Turning to an initial review of the complaint, plaintiff alleges that he injured his hand in 2007. Defendant Dr. Ghosh was allegedly deliberately indifferent by failing to address plaintiff's injuries in a timely fashion. Plaintiff would ultimately be referred to the University of Illinois Hospital in Chicago where he saw specialists and this resulted in two surgeries. However, plaintiff believes that Dr. Ghosh inappropriately delayed this treatment resulting in unnecessary pain. Plaintiff also believes that Dr. Ghosh failed to take various follow up steps ordered by the doctors at the University hospital following the surgeries.

Plaintiff has stated a claim for deliberate indifference against Dr. Ghosh. To make out a claim for deliberate indifference, a prisoner must allege that defendant was intentionally indifferent to an objectively serious medical need or condition - negligence, gross negligence or medical malpractice is insufficient. Farmer v. Brennan, 511 U.S. 825, 834 (1994); Duckworth v. Ahmad, 532 F.3d 675, 679 (7th Cir. 2008); Guzman v. Sheahan, 495 F.3d 852, 857 (7th Cir. 2007); Edwards v. Snyder, 478 F.3d 827, 831 (7th Cir. 2007). "A delay in the provision of medical treatment for painful conditions - even non-life-threatening conditions - can support a deliberate-indifference claim." Grieveson v. Anderson, 538 F.3d 763, 779 (7th Cir. 2008) (citing Gutierrez v. Peters, 111 F.3d 1364, 1372 (7th Cir. 1997); Cooper v. Casey, 97 F.3d 914, 916 (7th Cir. 1996)). Plaintiff alleges that Dr. Ghosh knowingly delayed his treatment for no good reason despite his numerous requests causing him unnecessary pain. This is sufficient to state a claim. (Although many of the events at issue in the complaint allegedly occurred more than two years prior to the filing of the case, plaintiff details an elaborate exhaustion history, and so the Court cannot hold, at this time, that the complaint is untimely. The Court will leave it to Dr. Ghosh to explore any affirmative defense he desires).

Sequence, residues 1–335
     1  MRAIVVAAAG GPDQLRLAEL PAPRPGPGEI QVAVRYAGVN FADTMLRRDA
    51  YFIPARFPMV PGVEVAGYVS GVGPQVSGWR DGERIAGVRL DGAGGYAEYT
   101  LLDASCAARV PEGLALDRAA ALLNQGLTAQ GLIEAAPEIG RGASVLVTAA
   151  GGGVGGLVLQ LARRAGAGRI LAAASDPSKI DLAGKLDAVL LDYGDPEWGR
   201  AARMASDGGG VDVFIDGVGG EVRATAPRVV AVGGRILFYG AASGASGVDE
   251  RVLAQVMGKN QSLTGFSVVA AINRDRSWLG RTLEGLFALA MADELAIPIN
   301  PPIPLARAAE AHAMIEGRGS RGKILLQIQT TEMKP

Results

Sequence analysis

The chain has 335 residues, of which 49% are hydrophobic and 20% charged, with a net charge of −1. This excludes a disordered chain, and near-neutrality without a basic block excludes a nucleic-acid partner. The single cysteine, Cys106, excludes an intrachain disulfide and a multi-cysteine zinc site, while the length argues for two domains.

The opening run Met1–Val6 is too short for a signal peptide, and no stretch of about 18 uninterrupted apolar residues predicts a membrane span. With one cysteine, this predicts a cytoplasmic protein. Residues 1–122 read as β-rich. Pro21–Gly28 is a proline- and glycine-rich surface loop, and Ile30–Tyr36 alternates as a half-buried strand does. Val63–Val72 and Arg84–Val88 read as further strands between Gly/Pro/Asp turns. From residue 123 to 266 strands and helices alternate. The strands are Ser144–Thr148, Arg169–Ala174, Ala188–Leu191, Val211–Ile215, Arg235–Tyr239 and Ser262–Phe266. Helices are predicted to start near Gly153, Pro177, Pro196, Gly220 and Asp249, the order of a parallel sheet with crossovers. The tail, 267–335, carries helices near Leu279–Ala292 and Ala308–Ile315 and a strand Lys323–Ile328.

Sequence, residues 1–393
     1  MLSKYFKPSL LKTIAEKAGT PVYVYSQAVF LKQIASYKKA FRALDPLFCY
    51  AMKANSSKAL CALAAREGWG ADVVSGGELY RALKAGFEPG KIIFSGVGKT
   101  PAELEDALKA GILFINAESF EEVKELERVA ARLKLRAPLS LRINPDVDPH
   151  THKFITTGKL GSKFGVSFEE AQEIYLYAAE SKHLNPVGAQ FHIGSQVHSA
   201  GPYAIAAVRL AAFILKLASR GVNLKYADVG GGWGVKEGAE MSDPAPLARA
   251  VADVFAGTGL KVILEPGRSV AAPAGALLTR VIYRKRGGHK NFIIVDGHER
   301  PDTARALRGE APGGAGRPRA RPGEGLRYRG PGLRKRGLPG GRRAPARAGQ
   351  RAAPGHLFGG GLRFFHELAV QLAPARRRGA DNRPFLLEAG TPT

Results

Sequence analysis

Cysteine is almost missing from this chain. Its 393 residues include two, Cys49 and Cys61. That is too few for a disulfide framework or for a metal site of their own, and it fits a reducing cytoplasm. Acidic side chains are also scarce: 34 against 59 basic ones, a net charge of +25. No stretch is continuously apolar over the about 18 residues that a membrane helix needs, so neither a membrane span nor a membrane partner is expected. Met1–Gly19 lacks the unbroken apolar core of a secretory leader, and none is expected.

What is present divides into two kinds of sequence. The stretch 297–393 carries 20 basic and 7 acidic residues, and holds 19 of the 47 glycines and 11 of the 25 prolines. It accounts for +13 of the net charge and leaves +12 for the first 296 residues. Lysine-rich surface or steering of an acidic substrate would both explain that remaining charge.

However, the remaining defendants must be dismissed. Plaintiff names Dr. Ghosh's employer, Wexford Health Sources, Inc., and Wexford's CEO, Kevin Halloran, as defendants. He also names the head of Illinois's Administrative Review Board (ARB) Jackie Miller, his grievance counselor Shawn Bass, and Frank Shaw, the former warden at Stateville.